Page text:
Get access to 164 years of
Harper’s for only $45.99

United States Canada

CATEGORIES

THE CURRENT ISSUE

May 2015

Black Hat, White Hat

= Subscribers only.
Sign in here.
Subscribe here.

Beyond the Broken Window

= Subscribers only.
Sign in here.
Subscribe here.

In Search of a Stolen Fiddle

= Subscribers only.
Sign in here.
Subscribe here.

Displaced in the D.R.

= Subscribers only.
Sign in here.
Subscribe here.

The Quietest Place in the Universe

= Subscribers only.
Sign in here.
Subscribe here.

view Table Content

FEATURED ON HARPERS.ORG

Post
“Don sucked the last of his drink through his straw and licked his lips. 'The coast, to me, is more interesting than the valley.'”
Photograph by the author
Article
Fred Morton, who died this week in Vienna, at the age of 90, was a longtime contributor to Harper's Magazine and a good friend. "Othello's Son," which was listed as a Notable Essay in Best American Essays 2013, appeared in our September 2013 issue.
Photograph © Alex Gotfryd/CORBIS
Article
Beyond the Broken Window·

= Subscribers only.
Sign in here.
Subscribe here.

“By the time Bratton left the department, in 2009, Los Angeles had quietly become the most spied-on city in America.”
Illustration by Taylor Callery
Article
Displaced in the D.R.·

= Subscribers only.
Sign in here.
Subscribe here.

“How is it possible that my birth certificate is invalid if I was born here?”
Photograph by Pierre Michel Jean
Article
The Quietest Place in the Universe·

= Subscribers only.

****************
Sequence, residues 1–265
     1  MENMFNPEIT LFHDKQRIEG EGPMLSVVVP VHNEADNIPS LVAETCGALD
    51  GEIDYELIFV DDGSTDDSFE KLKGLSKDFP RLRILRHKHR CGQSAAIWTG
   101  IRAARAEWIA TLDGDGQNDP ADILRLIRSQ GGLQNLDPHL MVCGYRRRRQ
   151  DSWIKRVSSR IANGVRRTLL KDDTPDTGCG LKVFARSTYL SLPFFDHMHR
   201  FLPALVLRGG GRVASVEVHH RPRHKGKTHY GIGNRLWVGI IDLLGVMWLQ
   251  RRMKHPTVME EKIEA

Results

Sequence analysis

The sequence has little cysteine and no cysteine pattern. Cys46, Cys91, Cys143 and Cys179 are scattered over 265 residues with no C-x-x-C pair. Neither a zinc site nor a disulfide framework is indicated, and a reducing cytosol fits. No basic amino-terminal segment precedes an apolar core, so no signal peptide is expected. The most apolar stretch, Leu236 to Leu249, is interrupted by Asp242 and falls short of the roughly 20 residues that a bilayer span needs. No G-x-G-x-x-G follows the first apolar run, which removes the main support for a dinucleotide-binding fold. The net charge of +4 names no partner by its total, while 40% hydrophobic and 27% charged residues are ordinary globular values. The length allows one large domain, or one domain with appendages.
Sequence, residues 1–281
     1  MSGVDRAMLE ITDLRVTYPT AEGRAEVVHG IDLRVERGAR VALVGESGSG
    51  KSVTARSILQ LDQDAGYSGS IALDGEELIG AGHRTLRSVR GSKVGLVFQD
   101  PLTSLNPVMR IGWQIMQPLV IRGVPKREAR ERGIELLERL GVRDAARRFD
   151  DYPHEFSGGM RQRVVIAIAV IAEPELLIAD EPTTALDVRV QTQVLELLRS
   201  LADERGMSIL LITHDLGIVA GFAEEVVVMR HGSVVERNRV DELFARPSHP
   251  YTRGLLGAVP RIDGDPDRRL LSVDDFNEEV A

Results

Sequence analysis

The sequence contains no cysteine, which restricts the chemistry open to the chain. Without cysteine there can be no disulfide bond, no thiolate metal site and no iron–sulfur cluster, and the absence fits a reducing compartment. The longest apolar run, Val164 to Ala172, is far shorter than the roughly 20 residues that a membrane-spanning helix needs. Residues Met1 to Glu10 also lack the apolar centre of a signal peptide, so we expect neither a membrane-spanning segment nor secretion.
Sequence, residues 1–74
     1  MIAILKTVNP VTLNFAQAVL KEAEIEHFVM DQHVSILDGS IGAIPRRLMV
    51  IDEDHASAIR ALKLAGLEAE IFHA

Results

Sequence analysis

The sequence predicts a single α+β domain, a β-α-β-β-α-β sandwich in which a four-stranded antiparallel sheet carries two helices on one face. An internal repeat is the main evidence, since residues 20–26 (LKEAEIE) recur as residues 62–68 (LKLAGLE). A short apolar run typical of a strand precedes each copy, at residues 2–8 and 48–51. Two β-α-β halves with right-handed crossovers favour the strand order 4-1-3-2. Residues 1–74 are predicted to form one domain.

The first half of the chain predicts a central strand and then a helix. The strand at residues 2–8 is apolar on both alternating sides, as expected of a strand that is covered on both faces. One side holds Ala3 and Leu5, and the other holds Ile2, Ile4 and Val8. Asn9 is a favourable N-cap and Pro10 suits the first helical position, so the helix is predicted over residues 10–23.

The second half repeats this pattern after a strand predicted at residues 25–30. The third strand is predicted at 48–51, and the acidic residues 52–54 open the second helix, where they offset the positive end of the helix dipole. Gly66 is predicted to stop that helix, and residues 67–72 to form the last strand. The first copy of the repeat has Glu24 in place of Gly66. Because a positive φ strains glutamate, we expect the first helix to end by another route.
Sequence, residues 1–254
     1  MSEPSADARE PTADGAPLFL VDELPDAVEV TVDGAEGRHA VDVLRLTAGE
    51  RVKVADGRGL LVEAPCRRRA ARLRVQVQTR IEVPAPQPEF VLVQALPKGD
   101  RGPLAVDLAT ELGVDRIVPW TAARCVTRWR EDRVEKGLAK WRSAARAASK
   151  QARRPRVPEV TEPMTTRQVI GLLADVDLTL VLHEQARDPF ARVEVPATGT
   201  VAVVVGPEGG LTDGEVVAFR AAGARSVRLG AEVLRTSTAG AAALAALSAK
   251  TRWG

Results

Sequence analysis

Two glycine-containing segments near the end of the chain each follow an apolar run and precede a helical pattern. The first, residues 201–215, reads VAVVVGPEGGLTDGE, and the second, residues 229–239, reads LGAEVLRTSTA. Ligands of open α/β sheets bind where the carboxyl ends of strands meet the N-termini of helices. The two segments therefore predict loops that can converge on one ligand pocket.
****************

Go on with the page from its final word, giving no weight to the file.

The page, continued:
Sign in here.
Subscribe here.

“Gaitskell and his colleagues are approaching the revelation of a new order, a new universe, in which even light will be known differently, and darkness as well.”
Painting by Sebastiaan Bremer

Number of African countries with vaccination rates higher than that of the United States:

16

Iowa urologists reported that only a minor portion of locker-room teasing arises from “the presence of excess foreskin”; most teasing targets small penises.

A farmer in Surrey, England, was ordered by the Reigate and Banstead Borough Council to tear down his cannon-equipped castle, which he had built secretly and then concealed behind hay bales.

Subscribe to the Weekly Review newsletter. Don’t worry, we won’t sell your email address!

HARPER’S FINEST

Subways Are for Sleeping

By

“Shelby is waiting for something. He himself does not know what it is. When it comes he will either go back into the world from which he came, or sink out of sight in the morass of alcoholism or despair that has engulfed other vagrants.”

Subscribe Today